- IARC (International Agency for Research on Cancer). 2008. Overall Evaluations of Carcinogenicity to Humans, as evaluated in IARC Monographs Volumes 1-99 (a total of 935 agents, mixtures and exposures).
- ED (Environmental Defense). 2006. Scorecard _ The Pollution Information Site. http://www.scorecard.org.
- CIR (Cosmetic Ingredient Review). 2006. CIR Compendium, containing abstracts, discussions, and conclusions of CIR cosmetic ingredient safety assessments. Washington DC.
- NLM (National Library of Medicine). 2012. PubMed online scientific bibliography data. http://www.pubmed.gov.
- FDA (U.S. Food and Drug Administration). 2008. EAFUS [Everything Added to Food]: A Food Additive Database. FDA Office of Food Safety and Applied Nutrition.
- FDA (U.S. Food and Drug Administration) 2006. Food Additive Status List. Downloaded from http://www.cfsan.fda.gov/%7Edms/opa-appa.html, Oct 16, 2006.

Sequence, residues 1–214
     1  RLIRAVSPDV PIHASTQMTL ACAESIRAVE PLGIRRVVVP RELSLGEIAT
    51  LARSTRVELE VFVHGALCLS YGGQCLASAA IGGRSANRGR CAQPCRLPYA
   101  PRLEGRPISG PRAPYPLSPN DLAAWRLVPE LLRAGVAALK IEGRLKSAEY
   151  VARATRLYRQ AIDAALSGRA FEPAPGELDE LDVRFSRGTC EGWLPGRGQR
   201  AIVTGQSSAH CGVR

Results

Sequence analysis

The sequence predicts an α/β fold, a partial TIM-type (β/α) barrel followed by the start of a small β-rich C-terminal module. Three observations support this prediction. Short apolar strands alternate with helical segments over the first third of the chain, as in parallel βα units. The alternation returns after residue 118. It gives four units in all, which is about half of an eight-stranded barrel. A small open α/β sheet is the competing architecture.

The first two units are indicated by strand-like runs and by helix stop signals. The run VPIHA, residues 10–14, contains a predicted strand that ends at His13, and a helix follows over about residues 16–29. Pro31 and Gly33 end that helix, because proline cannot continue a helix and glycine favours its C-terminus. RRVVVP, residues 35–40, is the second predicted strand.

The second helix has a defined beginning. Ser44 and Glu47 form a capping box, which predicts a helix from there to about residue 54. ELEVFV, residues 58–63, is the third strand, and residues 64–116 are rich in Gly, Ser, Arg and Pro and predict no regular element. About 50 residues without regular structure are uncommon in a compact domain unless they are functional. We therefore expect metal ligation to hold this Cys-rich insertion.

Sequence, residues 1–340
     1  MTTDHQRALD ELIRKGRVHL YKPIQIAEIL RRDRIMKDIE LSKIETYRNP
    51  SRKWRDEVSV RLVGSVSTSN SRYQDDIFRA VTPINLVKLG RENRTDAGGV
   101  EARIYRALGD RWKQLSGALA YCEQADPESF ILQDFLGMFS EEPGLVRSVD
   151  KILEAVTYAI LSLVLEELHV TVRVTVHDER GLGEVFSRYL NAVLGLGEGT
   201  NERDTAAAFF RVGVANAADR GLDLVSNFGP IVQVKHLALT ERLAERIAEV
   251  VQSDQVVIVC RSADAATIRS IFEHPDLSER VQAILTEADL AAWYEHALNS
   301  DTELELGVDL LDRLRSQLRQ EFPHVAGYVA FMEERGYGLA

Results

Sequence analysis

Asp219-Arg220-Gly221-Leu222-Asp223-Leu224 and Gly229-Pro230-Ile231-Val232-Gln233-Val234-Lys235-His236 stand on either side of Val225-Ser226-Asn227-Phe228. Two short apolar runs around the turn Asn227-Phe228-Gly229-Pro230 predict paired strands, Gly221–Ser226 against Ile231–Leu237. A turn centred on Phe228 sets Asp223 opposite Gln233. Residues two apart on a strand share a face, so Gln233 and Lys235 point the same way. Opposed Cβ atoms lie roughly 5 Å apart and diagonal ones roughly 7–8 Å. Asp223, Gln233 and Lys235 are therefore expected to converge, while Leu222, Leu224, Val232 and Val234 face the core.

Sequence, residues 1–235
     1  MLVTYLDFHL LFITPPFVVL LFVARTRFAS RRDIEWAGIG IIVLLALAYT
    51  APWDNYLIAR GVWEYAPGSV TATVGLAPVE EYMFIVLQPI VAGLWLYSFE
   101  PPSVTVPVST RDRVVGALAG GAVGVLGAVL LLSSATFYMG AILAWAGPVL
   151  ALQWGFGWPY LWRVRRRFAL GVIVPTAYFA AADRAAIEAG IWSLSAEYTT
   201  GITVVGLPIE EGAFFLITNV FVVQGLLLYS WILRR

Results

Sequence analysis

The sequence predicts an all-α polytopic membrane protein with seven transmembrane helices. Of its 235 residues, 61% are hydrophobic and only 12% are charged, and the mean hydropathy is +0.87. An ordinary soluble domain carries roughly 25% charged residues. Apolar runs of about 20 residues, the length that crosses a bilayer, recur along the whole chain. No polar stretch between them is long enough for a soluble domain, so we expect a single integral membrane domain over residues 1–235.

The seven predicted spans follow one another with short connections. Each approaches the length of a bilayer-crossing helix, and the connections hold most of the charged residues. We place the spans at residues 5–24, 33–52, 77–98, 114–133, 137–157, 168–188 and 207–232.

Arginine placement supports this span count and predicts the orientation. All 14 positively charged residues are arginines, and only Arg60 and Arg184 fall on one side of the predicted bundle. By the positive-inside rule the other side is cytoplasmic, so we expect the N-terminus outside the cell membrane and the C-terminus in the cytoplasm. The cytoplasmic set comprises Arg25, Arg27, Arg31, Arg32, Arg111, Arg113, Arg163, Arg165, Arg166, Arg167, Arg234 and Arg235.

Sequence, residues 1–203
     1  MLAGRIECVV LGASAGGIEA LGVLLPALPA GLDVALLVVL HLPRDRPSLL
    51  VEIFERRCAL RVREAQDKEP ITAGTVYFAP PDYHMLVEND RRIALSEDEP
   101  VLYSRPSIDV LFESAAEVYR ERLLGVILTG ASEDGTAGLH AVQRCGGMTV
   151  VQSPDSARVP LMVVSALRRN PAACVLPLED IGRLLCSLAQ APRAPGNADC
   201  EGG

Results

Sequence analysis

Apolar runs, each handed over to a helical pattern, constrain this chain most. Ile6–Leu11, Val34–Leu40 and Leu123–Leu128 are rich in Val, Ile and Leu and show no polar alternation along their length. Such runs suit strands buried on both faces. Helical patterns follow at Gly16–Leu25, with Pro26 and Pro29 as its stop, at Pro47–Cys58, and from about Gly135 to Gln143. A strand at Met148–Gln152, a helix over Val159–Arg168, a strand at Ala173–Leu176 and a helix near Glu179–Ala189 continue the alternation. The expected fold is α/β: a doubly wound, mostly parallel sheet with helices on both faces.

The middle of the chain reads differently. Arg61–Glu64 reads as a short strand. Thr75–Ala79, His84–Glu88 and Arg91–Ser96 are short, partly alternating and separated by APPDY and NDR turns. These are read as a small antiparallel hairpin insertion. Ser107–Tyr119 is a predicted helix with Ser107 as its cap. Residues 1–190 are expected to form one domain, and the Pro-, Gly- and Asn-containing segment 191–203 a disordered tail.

Cosmetics and personal care products are not required to be tested for safety before being allowed on the market. The Skin Deep® scoring system was designed to help the public understand whether a product is safe to use or whether it contains ingredients of concern.
Every product and ingredient in Skin Deep gets a two-part score – one for hazard and one for data availability. The safest products score well by both measures, with a low hazard rating and a fair or better data availability rating.HOW WE DETERMINE SCORES
The Skin Deep ingredient hazard score, from 1 to 10, reflects known and suspected hazards linked to the ingredients. The EWG VERIFIED™ mark means a product meets EWG’s strictest criteria for transparency and health.
The Skin Deep data availability rating reflects the number of scientific studies about the product or ingredient in the published scientific literature.